Hyperion Records

Symphonic Dances, Op 45
for Eugene Ormandy and the Philadelphia Orchestra; two-piano version completed on 10 August 1940; orchestral version made between 22 September and 29 October the same year

'Medtner: Music for two pianos' (CDH55337)
Medtner: Music for two pianos
Buy by post £5.50 CDH55337  Helios (Hyperion's budget label)  
'Rachmaninov: Symphonic Dances; Stravinsky: Symphony in three movements' (LSO0688)
Rachmaninov: Symphonic Dances; Stravinsky: Symphony in three movements
LSO0688  Download only   Studio Master FLAC & ALAC downloads available
'Rachmaninov: Music for two pianos' (CDH55209)
Rachmaninov: Music for two pianos
Buy by post £5.50 CDH55209  Helios (Hyperion's budget label)  
Movement 1: Non allegro – Lento – Tempo I
Track 9 on CDH55209 [10'41] Helios (Hyperion's budget label)
Track 9 on CDH55337 [11'08] Helios (Hyperion's budget label)
Track 1 on LSO0688 [12'56] Download only
Movement 2: Andante con moto: Tempo di valse
Movement 3: Lento assai – Allegro vivace – Lento assai – Allegro vivace
Track 11 on CDH55209 [12'27] Helios (Hyperion's budget label)
Track 11 on CDH55337 [13'03] Helios (Hyperion's budget label)
Track 3 on LSO0688 [13'49] Download only

Symphonic Dances, Op 45
‘My last spark’, composed for Eugene Ormandy and the Philadelphia (Rachmaninov’s favourite American orchestra), the Symphonic Dances—a symphony in all but name, incorporating material from an unfinished ballet The Scythians, sketched in Russia in 1915—was originally planned as a triptych: ‘Noon’, ‘Twilight’, ‘Midnight’. Consistently, Rachmaninov refused to be drawn on its programmatic/spiritual/ emotional inspiration: echoing Medtner, ‘a composer’, he disappointed a reporter from the New York World-Telegram, ‘always has his own ideas of his works, but I do not believe he ever should reveal them. Each listener should find his own meaning in music’.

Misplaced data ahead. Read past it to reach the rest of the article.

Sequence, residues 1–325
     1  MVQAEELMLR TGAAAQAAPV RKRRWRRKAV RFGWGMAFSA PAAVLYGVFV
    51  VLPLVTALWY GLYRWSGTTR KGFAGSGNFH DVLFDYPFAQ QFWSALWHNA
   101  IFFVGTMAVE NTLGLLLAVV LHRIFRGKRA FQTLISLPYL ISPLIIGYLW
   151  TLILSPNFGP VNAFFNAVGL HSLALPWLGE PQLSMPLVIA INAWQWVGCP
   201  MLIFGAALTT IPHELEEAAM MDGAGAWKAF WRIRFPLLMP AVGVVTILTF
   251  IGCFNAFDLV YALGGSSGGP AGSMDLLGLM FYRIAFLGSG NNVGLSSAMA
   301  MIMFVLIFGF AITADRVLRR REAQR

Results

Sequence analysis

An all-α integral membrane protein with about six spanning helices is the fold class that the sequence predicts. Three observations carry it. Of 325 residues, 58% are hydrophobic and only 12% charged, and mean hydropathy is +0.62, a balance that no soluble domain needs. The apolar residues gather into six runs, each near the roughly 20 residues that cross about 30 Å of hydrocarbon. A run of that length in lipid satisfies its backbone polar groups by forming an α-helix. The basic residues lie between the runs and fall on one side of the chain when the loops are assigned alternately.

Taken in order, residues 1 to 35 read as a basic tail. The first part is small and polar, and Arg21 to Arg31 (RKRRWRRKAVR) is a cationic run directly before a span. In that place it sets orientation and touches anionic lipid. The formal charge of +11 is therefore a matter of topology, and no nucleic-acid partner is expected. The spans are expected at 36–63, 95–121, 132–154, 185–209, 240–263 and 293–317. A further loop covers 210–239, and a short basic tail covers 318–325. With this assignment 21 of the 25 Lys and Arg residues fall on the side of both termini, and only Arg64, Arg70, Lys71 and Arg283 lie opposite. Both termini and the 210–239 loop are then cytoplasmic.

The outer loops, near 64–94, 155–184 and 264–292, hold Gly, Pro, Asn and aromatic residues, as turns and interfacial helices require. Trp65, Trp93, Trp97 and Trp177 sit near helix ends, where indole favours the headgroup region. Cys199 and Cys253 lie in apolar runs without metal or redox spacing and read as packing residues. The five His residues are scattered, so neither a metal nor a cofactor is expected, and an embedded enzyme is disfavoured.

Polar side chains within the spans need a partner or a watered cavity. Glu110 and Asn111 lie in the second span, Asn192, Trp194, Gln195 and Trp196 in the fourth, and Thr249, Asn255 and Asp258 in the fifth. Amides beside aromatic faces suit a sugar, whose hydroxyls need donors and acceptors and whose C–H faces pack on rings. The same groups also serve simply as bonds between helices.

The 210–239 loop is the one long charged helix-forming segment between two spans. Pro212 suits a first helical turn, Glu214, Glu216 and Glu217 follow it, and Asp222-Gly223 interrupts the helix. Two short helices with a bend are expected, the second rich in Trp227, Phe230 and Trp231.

Compositionally, the two-piano version came first (completed 10 August 1940), the orchestration second (New York, 22 September–29 October)—which may help to explain, perhaps, why some ideas seem to function better pianistically than they do orchestrally.

Festive, grotesque, plaintive, uneasy, macabre, conquering—‘arguably the greatest work for the [two-piano] medium written in the twentieth century’ (Robert Matthew-Walker). The opening dance (C minor) is march-like, nostalgically looking back forty-five years to the First Symphony, with a central C sharp minor modal section of ‘simple tragedy’. The second movement (G minor) is a languorous waltz, concerned, Olin Downes imagined, with ‘sensuous melodies, sometimes bittersweet, sometimes to a Viennese lilt—and Vienna is gone’ (New York Times, 8 January 1941). ‘A lugubrious ennui shuffles through it, and Ravel, Richard Strauss and Sibelius join the dance in deep purple. The memories crowd in thick and fast’, thought another critic, Louis Biancolli (New York World-Telegram, same date). Malignant apparitions (the Dies irae plainchant: Death) finally overcome (the old Russian orthodox hymn, ‘Blessed be the Lord’: God’s victory) underline the third movement, a complex web of gigue rhythms, famously cross-accented (D major/D minor).

Rachmaninov’s record company was less enlightened than Medtner’s. When he proposed to record the Symphonic Dances and Second Suite with Horowitz, RCA rejected the project. Extraordinary.

from notes by Ates Orga © 1993

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